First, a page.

Lately I've been working on Shower HTML5+CSS3 presentation template to make a upcoming presentation. Shower uses the CSS :target pseudo-class which makes it easy to identify the current slide in the overview of the slides.  I understand how :targ...
What's concept of detecting support of any css pseudo-class in browser through JavaScript? Exactly, I want to check if user's browser supports :checked pseudo-class or not, because I've made some CSS-popups with checkboxes and needs to do...
I'd like to find the currently focused element in the whole document. I tried using the :focus pseudoclass introduced with jQuery 1.6:  $(document).find(":focus")   But $(document).find(":focus").length always returns 0...
I may be tired and thinking oddly right now, but I simply cannot find how to retrieve the values of CSS properties defined in an element's focused, hovered or visited states. The goal is to use the values in Javascript.  Important: I do not need...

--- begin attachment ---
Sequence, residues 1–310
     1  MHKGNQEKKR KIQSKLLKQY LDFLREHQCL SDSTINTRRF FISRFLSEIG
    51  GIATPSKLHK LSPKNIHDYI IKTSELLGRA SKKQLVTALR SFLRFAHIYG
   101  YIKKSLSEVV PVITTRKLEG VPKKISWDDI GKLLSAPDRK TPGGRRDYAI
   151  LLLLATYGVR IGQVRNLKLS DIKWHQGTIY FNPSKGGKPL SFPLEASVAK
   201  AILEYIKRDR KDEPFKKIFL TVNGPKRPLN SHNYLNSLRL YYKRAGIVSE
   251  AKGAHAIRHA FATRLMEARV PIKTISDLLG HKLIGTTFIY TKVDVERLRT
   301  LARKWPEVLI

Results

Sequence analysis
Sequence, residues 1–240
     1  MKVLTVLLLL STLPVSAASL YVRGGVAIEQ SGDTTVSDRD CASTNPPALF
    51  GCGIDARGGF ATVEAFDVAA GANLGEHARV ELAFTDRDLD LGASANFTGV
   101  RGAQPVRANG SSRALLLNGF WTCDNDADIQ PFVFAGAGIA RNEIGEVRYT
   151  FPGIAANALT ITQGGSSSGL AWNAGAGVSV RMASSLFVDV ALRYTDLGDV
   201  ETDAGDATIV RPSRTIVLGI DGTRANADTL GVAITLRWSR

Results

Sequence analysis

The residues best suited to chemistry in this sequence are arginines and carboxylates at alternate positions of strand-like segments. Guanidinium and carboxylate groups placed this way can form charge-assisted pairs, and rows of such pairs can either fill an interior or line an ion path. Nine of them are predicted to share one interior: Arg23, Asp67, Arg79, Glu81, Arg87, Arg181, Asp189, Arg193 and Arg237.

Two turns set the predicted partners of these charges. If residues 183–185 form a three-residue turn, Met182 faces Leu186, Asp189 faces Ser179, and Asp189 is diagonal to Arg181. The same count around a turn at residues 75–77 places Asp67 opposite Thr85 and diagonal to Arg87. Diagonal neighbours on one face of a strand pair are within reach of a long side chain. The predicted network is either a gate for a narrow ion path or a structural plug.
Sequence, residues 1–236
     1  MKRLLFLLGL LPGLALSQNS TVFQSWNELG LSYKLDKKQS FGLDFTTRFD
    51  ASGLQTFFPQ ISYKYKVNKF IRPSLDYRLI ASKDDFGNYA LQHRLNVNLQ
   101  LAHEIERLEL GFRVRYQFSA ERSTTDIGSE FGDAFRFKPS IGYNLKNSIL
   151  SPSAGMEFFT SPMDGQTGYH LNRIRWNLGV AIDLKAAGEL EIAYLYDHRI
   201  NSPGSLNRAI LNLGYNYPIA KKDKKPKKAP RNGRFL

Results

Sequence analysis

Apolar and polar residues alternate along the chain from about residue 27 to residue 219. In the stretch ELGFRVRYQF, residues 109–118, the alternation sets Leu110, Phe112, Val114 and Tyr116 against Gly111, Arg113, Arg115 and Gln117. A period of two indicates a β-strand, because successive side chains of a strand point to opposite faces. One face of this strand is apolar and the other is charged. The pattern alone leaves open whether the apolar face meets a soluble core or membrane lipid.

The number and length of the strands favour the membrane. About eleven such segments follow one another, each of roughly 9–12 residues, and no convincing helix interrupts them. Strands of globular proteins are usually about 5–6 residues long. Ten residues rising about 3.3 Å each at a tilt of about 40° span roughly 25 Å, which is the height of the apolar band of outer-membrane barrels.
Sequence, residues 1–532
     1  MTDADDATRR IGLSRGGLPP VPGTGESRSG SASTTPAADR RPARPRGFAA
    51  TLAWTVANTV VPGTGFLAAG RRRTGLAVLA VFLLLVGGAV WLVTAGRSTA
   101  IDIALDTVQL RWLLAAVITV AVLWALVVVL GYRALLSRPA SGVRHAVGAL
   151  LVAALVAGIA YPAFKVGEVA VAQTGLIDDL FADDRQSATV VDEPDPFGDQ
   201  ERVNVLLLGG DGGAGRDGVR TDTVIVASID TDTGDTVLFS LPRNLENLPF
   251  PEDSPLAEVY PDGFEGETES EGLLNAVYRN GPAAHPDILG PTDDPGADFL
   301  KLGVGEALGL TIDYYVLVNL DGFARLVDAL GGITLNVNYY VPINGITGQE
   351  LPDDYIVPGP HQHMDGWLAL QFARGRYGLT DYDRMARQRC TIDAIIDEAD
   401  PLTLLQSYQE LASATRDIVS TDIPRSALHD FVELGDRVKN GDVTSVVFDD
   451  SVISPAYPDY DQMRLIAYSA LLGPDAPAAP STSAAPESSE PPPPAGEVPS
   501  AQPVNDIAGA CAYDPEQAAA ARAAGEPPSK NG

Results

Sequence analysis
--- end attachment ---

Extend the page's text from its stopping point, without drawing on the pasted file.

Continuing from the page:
I'd like to be able to tell an element that it is no longer :active so that the CSS rules no longer apply. Is there any way to do this in JavaScript?...
The Issue  I have read a couple older SO posts researching info on the anchor pseudo classes, and keep coming across confusion between "a" vs "a:link" and when and why you would use either. In the most common reason I've seen it i...
I'm adapting an example found here to be a little more like a "real" menu in that it should collapse on user clicks.  I rather like the fact that all of the visual aspects of the menu are dealt with in css, with javascript coming into pla...
I decided to try to create a tabbed menu using just CSS and HTML. Using the :target pseudo-class to show the appropriate div, I've implemented it, only it jumps around a bit too much to be user friendly:  http://brad.sebdengroup.com/newodynsite/s...
Does jQuery have a :target pseudo-class similar to CSS3?  If so, a demo would be nice.  Thanks!...
I'd like to set the name of a JavaScript pseudoclass stored in an array with a specific name, for example, the non-array version works flawlessly:  var Working = new Array(); Working = new Function('arg', 'this.Arg = arg;'); Worki...

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